How to identify pumpkin and squash. : Bega Valley Seed Savers


How To Identify Pumpkin and Squash

Here is a quick guide to the five species of Cucurbita for those interested in identifying and growing them, particularly for seeds.

Cucurbita moschata

Many varieties of Cucurbita moschata occur with quite different fruit forms. They may be bell-shaped, a flattened round shaped or have elongated curved or straight necks.

Members include: Butternut; Jap; Cheese pumpkins; Crookneck (Golden cushaw).

Cucurbita pepo

Varieties within this group often have bright orange skin and hard, woody, distinctly furrowed stems. However, the group also includes gourds, vegetable marrow, pattypan summer squash, zucchini and summer crookneck squash.

Members include: Vegetable spaghetti; Hull-less seeded (Naked seed) types; and Pie pumpkin.

Note: The terminology 'gourd' simply refers to the use the fruit is put to. Gourds belong to several plant families and may not be Cucurbita at all.

Cucurbita maxima

These are generally the big pumkins.

Members include: Jarrahdale; Qld. Blue; Atlantic Giant; Golden Nugget; Baby Blue; Triamble; Hubbard; Turban; Banana; and Buttercup.

Cucurbita mixta

C. mixta was once included within C. moschata, but there are some differences that distinguish them, including flesh texture. See below for how to tell them apart.

Members include: Kempsey pink

Cucurbita ficifolia

There is only one commonly cultivated fruit in this species – Chilacayote.

Also known as fig-leaved gourd, malabar gourd, malabar squash, pie melon or shark fin melon.

Telling the Species Apart

The stems and seeds of genus Cucurbita help to identify the species.

C. maxima - has a soft and round & corky stem. The seeds are thick with cream coloured margins and a thin cellophane coating.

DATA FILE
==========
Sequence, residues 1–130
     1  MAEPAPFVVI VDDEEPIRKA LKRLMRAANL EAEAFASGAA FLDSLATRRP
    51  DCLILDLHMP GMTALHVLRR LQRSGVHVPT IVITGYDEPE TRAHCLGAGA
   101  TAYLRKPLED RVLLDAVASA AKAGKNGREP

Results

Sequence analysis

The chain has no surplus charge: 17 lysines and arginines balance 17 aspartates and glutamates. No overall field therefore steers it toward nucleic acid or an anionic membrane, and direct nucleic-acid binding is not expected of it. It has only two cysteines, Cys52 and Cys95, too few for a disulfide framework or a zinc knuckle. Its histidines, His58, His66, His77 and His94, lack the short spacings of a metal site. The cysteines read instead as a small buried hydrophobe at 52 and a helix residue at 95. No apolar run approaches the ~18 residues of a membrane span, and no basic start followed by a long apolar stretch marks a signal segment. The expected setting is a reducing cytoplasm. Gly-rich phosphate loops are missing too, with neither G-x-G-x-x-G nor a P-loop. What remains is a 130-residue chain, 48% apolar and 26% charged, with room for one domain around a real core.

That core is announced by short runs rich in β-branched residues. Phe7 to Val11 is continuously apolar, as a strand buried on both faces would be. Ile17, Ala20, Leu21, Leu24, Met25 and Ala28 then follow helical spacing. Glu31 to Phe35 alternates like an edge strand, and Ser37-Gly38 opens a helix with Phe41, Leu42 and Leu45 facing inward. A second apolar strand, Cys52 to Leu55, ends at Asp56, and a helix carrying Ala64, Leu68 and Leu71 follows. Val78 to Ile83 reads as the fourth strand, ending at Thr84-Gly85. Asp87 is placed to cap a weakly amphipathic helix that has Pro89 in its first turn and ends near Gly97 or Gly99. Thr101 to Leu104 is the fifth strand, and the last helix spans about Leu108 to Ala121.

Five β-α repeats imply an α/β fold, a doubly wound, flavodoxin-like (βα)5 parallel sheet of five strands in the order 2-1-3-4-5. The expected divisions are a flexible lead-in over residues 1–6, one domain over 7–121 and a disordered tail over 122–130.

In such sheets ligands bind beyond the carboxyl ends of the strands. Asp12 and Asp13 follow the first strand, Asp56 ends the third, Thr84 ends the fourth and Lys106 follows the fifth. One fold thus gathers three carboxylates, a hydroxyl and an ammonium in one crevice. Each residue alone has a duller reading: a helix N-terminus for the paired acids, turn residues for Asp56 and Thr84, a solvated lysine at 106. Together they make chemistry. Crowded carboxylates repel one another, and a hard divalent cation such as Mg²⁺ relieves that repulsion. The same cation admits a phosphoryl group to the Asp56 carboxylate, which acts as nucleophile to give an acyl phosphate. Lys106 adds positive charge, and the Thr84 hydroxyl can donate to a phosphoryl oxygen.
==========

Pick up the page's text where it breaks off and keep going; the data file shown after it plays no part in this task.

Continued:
C. mixta - the stem is hard, hairy, is five angled and flares out slightly at the fruit end. Seed is white or tan with a pale margin and cracks in the seed coat on the flat sides of the seeds. Seeds also have a thin cellophane coating.

C. moschata - has a hard, hairy and slightly angular stem that flares noticeably at the fruit end. Seeds are small, beige and have a darker beige margin.

C. pepo - has a hard, furrowed stem with five distinct angles. It's leaves are harsh textured, unlike the soft texture of the other species. Seeds are cream coloured with a white margin.

There are also differences in the flowers that can be looked up if the above does not clearly identify the species.

Keeping Seed Pure

Generally cross-pollination between the five cultivated Cucurbita species does not occur. However care should be taken if growing C.mixta and C.moschata together as there are some reports of these types crossing, although other sources claim they do not cross.

If multiple varieties from the same species are grown they must either be hand pollinated or separated by at least 400m in order to gain seed that will be true to type.

 

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